Yale researchers highlight environmental health disparities in LGBTQ+ populations
Two researchers at the Yale School of the Environment published a paper spotlighting the environmental health burden that members of the LGBTQ+ community experience.
Courtesy of Paula Pineda
A new paper from researchers at the Yale School of the Environment explores the unique environmental exposures and outcomes associated with the LGBTQ+ population in America and offers policy, public health and research recommendations.
In a paper digitally published in the American Journal of Public Health last December, Professor of Environmental Health Michelle Bell and Leo Goldsmith ENV ’20 describe environmental health inequities in the context of the LGBTQ+ community. Divided into seven sections, the paper raises the role of social institutions, examples of disproportionate environmental exposure and public health implications, among other topics. Ultimately, the paper recognizes the mechanisms that contribute to potentially heightened environmental health risk factors for the LGBTQ+ population and calls for additional research into environmental inequities.
“The LGBTQ+ population is targeted by discriminatory policies that contribute to poorer health outcomes,” Bell said. “Environmental justice is a key theme of my research program, and we aim to investigate the multiple pathways through which people suffer higher health burdens from environmental conditions. The goal of this project was to explore how environmental exposures may disproportionately affect the LGBTQ+ population to raise this issue in the scientific literature and hopefully catalyze further research and understanding on this issue.”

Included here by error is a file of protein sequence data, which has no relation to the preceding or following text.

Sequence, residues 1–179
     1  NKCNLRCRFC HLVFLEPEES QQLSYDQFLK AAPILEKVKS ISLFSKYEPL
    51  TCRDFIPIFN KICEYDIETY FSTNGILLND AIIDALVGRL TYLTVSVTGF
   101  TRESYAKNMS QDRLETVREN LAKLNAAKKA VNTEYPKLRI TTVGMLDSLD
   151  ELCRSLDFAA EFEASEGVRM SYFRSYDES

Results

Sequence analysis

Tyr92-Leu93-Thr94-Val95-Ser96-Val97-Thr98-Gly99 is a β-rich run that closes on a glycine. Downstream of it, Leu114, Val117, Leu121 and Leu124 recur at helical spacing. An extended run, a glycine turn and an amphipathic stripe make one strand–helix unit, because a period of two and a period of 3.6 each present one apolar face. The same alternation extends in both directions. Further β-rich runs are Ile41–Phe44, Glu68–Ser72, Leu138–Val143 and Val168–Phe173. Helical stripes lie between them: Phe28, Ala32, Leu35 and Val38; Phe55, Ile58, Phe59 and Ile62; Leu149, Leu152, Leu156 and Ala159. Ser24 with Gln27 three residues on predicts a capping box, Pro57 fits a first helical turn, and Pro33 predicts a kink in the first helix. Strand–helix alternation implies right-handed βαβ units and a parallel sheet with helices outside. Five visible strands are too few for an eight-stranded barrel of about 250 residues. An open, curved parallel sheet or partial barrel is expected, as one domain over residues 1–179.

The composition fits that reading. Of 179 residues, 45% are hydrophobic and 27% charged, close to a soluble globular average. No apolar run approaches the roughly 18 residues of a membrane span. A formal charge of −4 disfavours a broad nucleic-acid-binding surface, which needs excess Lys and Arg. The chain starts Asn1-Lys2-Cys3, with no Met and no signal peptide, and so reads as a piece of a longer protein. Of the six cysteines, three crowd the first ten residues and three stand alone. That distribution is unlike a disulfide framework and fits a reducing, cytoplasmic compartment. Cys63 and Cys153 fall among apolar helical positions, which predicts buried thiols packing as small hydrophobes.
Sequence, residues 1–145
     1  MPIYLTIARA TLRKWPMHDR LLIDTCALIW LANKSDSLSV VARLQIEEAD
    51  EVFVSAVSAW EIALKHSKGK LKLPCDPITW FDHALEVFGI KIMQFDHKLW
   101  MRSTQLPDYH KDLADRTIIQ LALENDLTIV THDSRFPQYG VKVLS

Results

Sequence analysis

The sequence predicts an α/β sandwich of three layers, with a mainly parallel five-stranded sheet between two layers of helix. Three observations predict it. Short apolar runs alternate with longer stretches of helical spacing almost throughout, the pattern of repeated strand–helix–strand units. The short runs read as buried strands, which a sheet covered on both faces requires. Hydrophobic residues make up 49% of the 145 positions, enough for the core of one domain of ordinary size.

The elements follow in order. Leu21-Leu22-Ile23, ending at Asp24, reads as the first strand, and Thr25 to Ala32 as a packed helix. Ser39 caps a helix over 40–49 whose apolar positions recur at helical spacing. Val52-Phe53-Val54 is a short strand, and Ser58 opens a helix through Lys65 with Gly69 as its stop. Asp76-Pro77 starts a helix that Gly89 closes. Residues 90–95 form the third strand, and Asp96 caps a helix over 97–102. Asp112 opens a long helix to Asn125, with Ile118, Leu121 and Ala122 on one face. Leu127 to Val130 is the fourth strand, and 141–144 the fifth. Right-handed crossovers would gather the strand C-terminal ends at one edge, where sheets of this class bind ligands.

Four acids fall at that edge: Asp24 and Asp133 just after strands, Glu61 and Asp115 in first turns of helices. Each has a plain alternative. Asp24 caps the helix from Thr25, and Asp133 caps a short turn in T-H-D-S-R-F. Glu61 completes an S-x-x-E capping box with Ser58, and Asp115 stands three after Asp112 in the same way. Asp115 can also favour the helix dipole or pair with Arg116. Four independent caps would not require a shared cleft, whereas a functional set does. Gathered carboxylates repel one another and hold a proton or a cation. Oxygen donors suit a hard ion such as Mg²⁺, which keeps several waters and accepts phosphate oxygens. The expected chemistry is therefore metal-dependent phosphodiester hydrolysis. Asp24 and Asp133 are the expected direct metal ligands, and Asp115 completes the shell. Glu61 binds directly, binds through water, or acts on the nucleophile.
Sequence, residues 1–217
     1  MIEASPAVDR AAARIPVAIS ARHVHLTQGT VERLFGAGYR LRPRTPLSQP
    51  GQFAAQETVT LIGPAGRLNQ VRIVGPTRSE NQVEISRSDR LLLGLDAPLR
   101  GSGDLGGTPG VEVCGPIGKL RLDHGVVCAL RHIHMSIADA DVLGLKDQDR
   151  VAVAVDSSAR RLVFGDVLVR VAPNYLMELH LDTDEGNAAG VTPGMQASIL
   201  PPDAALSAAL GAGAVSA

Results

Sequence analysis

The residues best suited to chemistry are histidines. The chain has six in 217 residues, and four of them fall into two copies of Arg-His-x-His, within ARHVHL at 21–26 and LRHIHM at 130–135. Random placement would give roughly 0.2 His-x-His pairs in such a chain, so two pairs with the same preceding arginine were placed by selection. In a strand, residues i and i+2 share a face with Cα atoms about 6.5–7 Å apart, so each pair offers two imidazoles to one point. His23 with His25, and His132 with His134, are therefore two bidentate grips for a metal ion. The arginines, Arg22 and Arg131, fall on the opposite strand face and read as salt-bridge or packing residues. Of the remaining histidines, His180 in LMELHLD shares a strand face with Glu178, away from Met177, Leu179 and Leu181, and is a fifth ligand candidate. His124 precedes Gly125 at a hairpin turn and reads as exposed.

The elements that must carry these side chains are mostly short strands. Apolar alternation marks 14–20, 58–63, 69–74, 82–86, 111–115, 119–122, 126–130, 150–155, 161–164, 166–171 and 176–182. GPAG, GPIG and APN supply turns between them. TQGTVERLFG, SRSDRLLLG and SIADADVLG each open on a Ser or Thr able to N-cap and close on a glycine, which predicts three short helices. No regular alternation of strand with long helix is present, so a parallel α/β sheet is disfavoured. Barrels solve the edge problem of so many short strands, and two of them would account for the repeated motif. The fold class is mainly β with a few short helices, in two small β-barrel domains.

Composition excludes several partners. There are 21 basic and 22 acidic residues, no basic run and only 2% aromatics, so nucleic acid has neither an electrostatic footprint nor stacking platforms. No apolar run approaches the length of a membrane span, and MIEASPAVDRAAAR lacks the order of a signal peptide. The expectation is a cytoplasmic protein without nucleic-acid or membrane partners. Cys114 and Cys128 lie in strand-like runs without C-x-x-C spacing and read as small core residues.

In one section, the paper identifies three environmental exposures — air pollution, environmental disasters and second-hand smoke — which disproportionately impact LGBTQ+ individuals. These consequences may reveal themselves in rates of exposure or associated discrimination experienced due to people’s gender identity or sexual orientation.
For example, the paper recognizes how minority stress and gender-based stereotypes, in addition to LGBTQ+-specific stressors such as internalized homophobia, may lead to higher second-hand smoking rates in LGBTQ+ individuals. Goldsmith noted that research from the Center of American Progress found that more than one-third of LGBTQ+ Americans experienced some kind of discrimination in the past year and for transgender Americans, that number rises to more than three-fifths.
“[T]here needs to be much more research on this topic,” Goldsmith wrote in an email. “There are potential links between environmental disparities and sexual and gender minority status, however we need to first address the lack of health and demographic data for sexual and gender minorities nationally and within health systems that prevent robust research within this topic.”
Bell highlighted the vulnerability of Black transgender women in particular and emphasized the need for intersectionality when considering research on environmental health conditions. The paper provides illustrative examples of discrimination that are influenced by race and socioeconomic status in addition to LGBTQ+ identity.
Goldsmith underscored how his experiences as a low-income, queer, transgender Latino climate and health expert led him to create work that could “[validate] what LGBTQ+ communities are and have been experiencing.” During his time at Yale, Goldsmith was selected for the Environmental Fellows Program and was involved with the intersectional student interest group Environmental Justice at Yale, or EJAY, in addition to the social and advocacy group representing the LGBTQ+ community called Out in the Woods, or OITW.
Kieren Rudge ENV ’22, a current co-lead of EJAY and a member of OITW, said that there currently is an increased emphasis on ideas of justice in environmental research and efforts to include missing voices.
“A thing about this [paper], and a lot of work that comes about justice and equity that comes out nowadays, is just that these are things that a lot of people in the communities that are being affected kind of know,” Rudge said. “It’s just really great to see a lot of these things that are kind of known by stakeholders be validated by science.”
The Environmental Fellows Program moved to Yale in fall 2020.